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Chlamydia and cervical cancer

Linda M Niccolai, James I Meek, Monica Brackney, James L Hadler, Lynn E Sosa, Daniel M Weinberger
Background: Trends in HPV-associated cervical lesions can provide an indication of vaccine impact. Our purpose was to measure trends in cervical lesions during 2008-2015 and to consider possible explanations including vaccination coverage, changes in screening for cervical cancer, and risk behaviors for acquiring HPV. Methods: Connecticut (CT) implemented mandatory reporting of cervical intraepithelial neoplasia grades 2/3 and adenocarcinoma in situ (CIN2+) in 2008...
May 17, 2017: Clinical Infectious Diseases: An Official Publication of the Infectious Diseases Society of America
E Costa-Lira, A H V L Jacinto, L M Silva, P F R Napoleão, R A A Barbosa-Filho, G J S Cruz, S Astolfi-Filho, C M Borborema-Santos
Sexually transmitted infections are an important cause of morbidity among sexually active women worldwide, and have been implicated as cofactors in the pathogenesis of cervical cancer. We investigated the prevalence of human papillomavirus (HPV), Chlamydia trachomatis (CT), and Trichomonas vaginalis (TV), and accessed the diversity of HPV in women with normal and abnormal cytology in Manaus, Brazil. We used polymerase chain reaction and HPV genotyping by direct sequencing. The chi-square test was used to calculate the absolute and relative frequencies of the categorical variables, and Fisher's test was used when P < 0...
April 28, 2017: Genetics and Molecular Research: GMR
Mateus De Paula von Glehn, Lana Cristina Evangelista Ferreira Sá, Hian Delfino Ferreira da Silva, Eleuza Rodrigues Machado
INTRODUCTION: Trichomonas vaginalis is considered the most prevalent curable sexually transmitted infection, and its occurrence exceeds that of gonococcal and chlamydia infections. This parasite has been identified as responsible for the increased risk of transmission of HIV and has also been associated with prostate and cervical cancer. Many carriers of T. vaginalis are asymptomatic and, when experiencing a health problem, they most often have nonspecific symptoms. The aim of this research was to estimate the presence of T...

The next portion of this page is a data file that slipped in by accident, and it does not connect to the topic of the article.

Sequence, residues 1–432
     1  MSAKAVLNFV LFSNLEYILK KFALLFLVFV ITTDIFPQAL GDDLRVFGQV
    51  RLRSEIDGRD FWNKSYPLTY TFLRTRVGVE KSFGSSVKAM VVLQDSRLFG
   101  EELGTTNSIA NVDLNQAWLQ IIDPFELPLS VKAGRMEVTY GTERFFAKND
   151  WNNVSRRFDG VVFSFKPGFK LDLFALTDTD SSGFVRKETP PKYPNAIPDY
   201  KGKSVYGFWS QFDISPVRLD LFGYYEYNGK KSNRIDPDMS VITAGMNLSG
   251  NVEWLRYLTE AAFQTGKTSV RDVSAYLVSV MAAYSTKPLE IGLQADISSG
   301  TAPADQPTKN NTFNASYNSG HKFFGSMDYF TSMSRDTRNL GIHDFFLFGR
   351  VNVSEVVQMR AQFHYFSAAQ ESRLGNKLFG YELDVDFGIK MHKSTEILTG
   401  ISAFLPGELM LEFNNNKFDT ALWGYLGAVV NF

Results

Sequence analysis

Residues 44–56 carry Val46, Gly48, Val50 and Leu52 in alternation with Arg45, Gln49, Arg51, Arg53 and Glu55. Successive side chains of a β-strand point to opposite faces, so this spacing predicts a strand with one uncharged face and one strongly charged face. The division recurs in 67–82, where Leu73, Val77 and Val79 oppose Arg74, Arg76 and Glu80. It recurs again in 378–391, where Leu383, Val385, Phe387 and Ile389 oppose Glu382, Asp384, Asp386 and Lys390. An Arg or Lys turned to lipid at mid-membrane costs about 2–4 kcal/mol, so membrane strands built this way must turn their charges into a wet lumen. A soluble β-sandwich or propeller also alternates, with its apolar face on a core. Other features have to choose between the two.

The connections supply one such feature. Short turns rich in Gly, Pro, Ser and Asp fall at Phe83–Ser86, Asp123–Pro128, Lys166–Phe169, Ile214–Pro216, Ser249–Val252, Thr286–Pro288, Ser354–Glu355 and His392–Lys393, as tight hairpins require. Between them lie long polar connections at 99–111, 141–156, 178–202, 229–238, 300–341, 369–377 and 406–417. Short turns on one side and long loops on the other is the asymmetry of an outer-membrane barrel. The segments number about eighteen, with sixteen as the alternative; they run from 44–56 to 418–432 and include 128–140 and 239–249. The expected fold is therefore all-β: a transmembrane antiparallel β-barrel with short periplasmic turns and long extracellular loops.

March 31, 2017: Journal of Infection in Developing Countries
Kirsten Bibbins-Domingo, David C Grossman, Susan J Curry, Michael J Barry, Karina W Davidson, Chyke A Doubeni, John W Epling, Francisco A R García, Alex R Kemper, Alex H Krist, Ann E Kurth, C Seth Landefeld, Carol M Mangione, William R Phillips, Maureen G Phipps, Michael Silverstein, Melissa Simon, Albert L Siu, Chien-Wen Tseng
Importance: Many conditions that can affect women's health are often evaluated through pelvic examination. Although the pelvic examination is a common part of the physical examination, it is unclear whether performing screening pelvic examinations in asymptomatic women has a significant effect on disease morbidity and mortality. Objective: To issue a new US Preventive Services Task Force (USPSTF) recommendation on screening for gynecologic conditions with pelvic examination for conditions other than cervical cancer, gonorrhea, and chlamydia, for which the USPSTF has already made specific recommendations...
March 7, 2017: JAMA: the Journal of the American Medical Association
Janelle M Guirguis-Blake, Jillian T Henderson, Leslie A Perdue
Importance: Recent changes in the periodicity of cervical cancer screening have led to questions about the role of screening pelvic examinations among asymptomatic women. Objective: To systematically review literature on health benefits, accuracy, and harms of the screening pelvic examination for gynecologic conditions for the US Preventive Services Task Force (USPSTF). Data Sources: MEDLINE, PubMed, and Cochrane Central Register of Controlled Trials for relevant English-language studies published through January 13, 2016, with surveillance through August 3, 2016...
March 7, 2017: JAMA: the Journal of the American Medical Association
Isabelle Heard, Laura Tondeur, Laurence Arowas, Marie Demazoin, Michaël Falguières, Isabelle Parent Du Chatelet
Background.: Effectiveness of human papillomavirus (HPV) vaccines in the context of both guidelines, which recommend vaccination at 14 years and modest vaccine coverage, is poorly documented. Methods.: Residual specimens from females aged <25 years undergoing chlamydia testing were collected, together with demographic, sexual behavior, and vaccine status data. Human pappilomavirus genotypes were determined using the PapilloCheck test system. We compared vaccine type (VT; types 6, 11, 16, 18) prevalence according to vaccination status and identified factors associated with VT prevalence...
March 1, 2017: Journal of Infectious Diseases
Ishita Ghosh, Richard Muwonge, Srabani Mittal, Dipanwita Banerjee, Pratip Kundu, Ranajit Mandal, Jaydip Biswas, Partha Basu